The European Space Agency (ESA) has awarded several contracts to European manufacturers to develop equipment for future Moon and Mars exploration missions, we learned Wednesday from concordant sources.
European participation in the American Artemis lunar program, which is due to return to the Moon in 2024, is notably materialized by the signing of a contract with Airbus for the construction of the third European service module of the American space vehicle Orion, announced the ‘ESA in a press release on the sidelines of the 71st International Astronautical Congress which is being held virtually.
The European manufacturer is also awarded the development of a lunar lander project, EL3. It will be responsible for transporting freight between the moon and the lunar space station, the “Lunar Gateway”.
The United States plans to assemble the Gateway, which will orbit the Moon, from 2023. It will serve as a laboratory and staging post for astronauts on their way to the Moon.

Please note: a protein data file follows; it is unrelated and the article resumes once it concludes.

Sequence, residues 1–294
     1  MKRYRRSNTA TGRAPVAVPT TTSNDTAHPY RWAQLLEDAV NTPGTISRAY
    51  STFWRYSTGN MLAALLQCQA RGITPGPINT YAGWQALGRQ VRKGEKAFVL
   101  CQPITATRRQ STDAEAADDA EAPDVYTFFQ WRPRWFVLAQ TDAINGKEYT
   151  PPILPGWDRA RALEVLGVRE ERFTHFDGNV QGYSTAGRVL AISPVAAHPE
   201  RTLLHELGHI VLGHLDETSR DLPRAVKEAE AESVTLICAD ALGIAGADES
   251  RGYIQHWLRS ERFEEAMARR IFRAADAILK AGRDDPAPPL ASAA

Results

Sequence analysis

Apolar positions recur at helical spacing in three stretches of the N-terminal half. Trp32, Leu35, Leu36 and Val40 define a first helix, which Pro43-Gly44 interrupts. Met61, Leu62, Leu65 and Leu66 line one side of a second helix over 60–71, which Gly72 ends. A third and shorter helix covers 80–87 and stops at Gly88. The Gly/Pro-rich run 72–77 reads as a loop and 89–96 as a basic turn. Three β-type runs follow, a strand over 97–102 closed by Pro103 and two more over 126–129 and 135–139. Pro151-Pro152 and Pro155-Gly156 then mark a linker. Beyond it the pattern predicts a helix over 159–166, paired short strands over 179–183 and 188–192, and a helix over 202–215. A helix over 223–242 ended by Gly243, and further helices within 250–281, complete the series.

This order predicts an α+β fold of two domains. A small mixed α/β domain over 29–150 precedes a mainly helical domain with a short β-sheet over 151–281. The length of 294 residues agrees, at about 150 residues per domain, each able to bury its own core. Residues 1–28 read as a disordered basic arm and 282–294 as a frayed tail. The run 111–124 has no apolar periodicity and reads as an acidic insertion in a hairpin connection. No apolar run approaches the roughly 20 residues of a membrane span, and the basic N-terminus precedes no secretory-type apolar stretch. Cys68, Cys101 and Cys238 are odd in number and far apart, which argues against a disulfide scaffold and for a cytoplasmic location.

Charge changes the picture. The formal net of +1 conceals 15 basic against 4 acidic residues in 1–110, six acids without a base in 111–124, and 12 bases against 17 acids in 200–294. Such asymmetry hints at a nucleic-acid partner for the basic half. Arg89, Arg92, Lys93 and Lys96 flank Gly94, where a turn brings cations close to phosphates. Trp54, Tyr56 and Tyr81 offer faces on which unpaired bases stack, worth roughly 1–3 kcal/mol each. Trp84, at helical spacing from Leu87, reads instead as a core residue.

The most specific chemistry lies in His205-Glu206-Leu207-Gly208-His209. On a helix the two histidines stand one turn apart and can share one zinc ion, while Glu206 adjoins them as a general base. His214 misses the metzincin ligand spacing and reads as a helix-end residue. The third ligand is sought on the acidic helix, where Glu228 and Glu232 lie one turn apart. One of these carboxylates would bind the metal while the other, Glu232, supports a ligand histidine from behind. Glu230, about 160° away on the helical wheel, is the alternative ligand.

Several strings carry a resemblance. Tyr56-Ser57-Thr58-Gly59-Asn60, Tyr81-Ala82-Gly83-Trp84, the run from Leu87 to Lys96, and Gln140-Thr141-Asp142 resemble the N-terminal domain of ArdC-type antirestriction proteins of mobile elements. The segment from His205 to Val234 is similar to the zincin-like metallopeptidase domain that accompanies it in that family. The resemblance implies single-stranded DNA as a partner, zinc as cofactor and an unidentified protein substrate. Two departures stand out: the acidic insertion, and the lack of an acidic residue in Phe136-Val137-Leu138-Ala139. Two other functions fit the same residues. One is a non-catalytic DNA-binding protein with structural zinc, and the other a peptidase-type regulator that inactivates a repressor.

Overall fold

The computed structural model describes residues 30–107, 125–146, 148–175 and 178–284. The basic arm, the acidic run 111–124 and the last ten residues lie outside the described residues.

Smaller than the International Space Station (ISS), it is not intended to be permanently occupied but can accommodate up to 4 astronauts.
Shunned by Russia, the project is the subject of a partnership between Americans, Europeans, Canadians and Japanese.
Thales Alenia Space (TAS), specializing in pressurized space modules, was tasked with developing the I-HAB housing module for this station.
The first tranche of the contract signed by ESA for this module amounts to 36 million euros for a total amount of 327 million, specifies the joint company between the French Thales and the Italian Leonardo in a press release.
TAS is also responsible for the design of the Esprit communication and supply module for the future station. The contract, which must be formally notified soon, amounts to 295 million euros.
The company must also provide the structure of the logistics and housing module Halo, one of the first to form the Gateway, for the American Northrop Grumman.
The Italian Leonardo is in charge of the miniature laboratory on board the Russian lunar landing Luna-27.
Regarding Mars, exploration “will be marked by the international Mars Sample Return campaign,” according to ESA.
The European agency has thus instructed Airbus to develop the rover which will collect the samples taken from Mars by the American robot Perseverance, which took off at the end of July.
Airbus will also be responsible for building the probe (Earth Return Orbiter) which will bring the samples back to Earth in 2031.